Latest Issue March
CARPology Columnists


In the first instalment of an entertaining two-part interview, our resident heavy metal fan, Robert Bell poses the questions as we catch up with Adrian to talk about his life offstage and on the bank…

CARPology: To begin with then, your book Monsters of River & Rock has just just been published. What, after all these years of fishing, made you put pen to paper?

Adrian Smith: “Good question! Around 20 years ago, when we were recording Brave New World, I made some notes about my fishing experiences at the Lake Of Suresnes in the Bois de Boulogne in Paris, the water being near the studio. I thought it was kind of interesting how I was recording an album during the day and then going over there at night to catch a few carp. I wrote everything up when I got back and was going to send it off to a magazine. I didn’t bother in the end and it all laid in my drawer. Then, a couple of years ago as I sat chatting with friends, telling stories and talking about my fishing, they suggested that I write a book, so there you go! I started by writing test chapters and sent them off to a few publishers; Penguin really liked it and so I cracked on.”


Is writing something that you enjoy? You’re a great songwriter obviously - ‘Wasted Years’, what a tune! What I’m getting at is, did you enjoy writing the book, and do you have any other projects on the boil?

“I did enjoy writing the book, yes… trawling through all the memories, back to when I was growing up and had started to get into fishing. I was going out with my dad, visiting the semi-polluted waters of the River Lea down in London, and venturing to more exotic locations… the Hertfordshire pits! We used to fish one that’s now called The Banjo. Back then it had just been excavated and was controlled by Stansted Abbotts Angling Society and Dad and I were members. I had all these memories. I found it almost therapeutic going back and digging over all that old stuff. At the moment, I don’t have any ideas for another book, but I did enjoy working on this one. I do like writing, so if this one goes okay, hopefully I’ll find opportunity to do a second.”


Let’s talk about some of the book’s content. You grew up in East London and started fishing as a young kid, as many of us did. What are your earliest memories? Have you revisited any of the places you fished as a youngster, and if so, have they changed much?

“I grew up in Clapton, East London, E5. The River Lea wasn’t too far away from us, and as I say in the book, you could smell it on a hot day, the pollution being that bad. Above Tottenham though, the water was cleaner. My dad used to take me up there, and Tottenham Locks was where I first fished. I used to catch gudgeon by the bucketload, but Dad used to wait it out, fishing with hempseed for roach with a big old-fashioned bamboo pole.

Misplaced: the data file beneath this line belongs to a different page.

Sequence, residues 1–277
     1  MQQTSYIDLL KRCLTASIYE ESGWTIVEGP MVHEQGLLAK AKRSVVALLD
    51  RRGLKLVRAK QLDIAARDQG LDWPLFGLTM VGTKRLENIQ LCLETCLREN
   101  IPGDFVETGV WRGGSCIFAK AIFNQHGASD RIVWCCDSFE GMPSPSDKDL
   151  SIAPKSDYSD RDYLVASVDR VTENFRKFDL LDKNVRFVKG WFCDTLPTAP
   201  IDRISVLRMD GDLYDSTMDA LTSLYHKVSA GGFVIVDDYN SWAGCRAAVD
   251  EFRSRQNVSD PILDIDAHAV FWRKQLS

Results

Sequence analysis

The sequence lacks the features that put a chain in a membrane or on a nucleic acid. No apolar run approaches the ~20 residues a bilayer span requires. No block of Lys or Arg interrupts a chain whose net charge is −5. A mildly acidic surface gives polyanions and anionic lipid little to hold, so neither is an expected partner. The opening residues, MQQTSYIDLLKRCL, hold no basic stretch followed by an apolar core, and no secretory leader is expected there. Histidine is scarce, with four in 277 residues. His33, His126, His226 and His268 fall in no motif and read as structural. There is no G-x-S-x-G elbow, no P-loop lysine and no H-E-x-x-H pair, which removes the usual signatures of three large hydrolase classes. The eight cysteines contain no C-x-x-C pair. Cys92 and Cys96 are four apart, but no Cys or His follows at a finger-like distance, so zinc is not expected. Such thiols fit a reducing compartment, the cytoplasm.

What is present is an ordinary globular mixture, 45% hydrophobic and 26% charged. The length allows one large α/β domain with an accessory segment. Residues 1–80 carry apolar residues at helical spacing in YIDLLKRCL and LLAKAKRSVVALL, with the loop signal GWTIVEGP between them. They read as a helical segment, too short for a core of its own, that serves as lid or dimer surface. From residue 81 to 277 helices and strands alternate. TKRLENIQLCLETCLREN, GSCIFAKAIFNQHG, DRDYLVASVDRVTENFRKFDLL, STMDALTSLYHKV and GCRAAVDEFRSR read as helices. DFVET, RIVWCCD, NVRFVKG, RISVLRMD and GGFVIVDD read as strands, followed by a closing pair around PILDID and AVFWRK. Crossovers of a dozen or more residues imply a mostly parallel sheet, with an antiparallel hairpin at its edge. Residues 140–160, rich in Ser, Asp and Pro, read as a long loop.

“We also used to fish the Grand Union Canal at Cambridge Heath, on the gasworks stretch. It was as grim as it sounds, but there were some beautiful fish there. The water was really clear and I remember how vivid the colours on the perch were. My dad, of course, used to catch roach there, and the odd bream. He also liked to fish the canal as there was a pub on the way back to where we parked the car. Quite often, he would disappear inside, and I’d sit on the step with my packet of crisps and lemonade. He’d have a couple of pints, and then I’d hear this singing… Dad would be up on stage belting out Perry Como and Frank Sinatra songs. The piano would be going and he’d be having a right old time in there. Sometimes I’d creep inside, sit quietly in a corner and watch him sing… I suppose I learned and followed on from my dad. He’d play harmonica and accordion, and he liked the banjo. Unfortunately, he damaged his hand at work and then couldn’t play, but he still liked to sing. My mother was a violinist and used to read music, so I had quite a lot of encouragement, growing up in such a musical family. 

“As far as going back and revisiting the places I used to fish when I was a kid, I don’t know what they’re like now, but I’m sure they’ve changed for the better. The river in Clapton is actually fishable now, and they have matches there. In the early ’80s I did fish it a couple of times and I caught a few roach, right in Clapton itself. It was really nice, a change from my childhood when it was so horribly polluted. As a matter of fact, I was watching a YouTube video the other day that featured a guy that fishes the Lea at Hackney Marshes, and there were carp in the river. Fifty years ago fishing it was unthinkable, let alone seeing any carp in there… to have fish in there at all now is pretty amazing. 

“On the other side of the Lea we had the Walthamstow reservoirs, but they were almost no-go areas, especially for under-16s! I think if you were a senior angler you could fish there, but there was very limited access. I don’t think there were carp in there, but there were some big roach and bream - I used to dream of fishing those reservoirs. I did go back fairly recently and I caught some big bream and a few carp… it was great to go back and finally fish them!”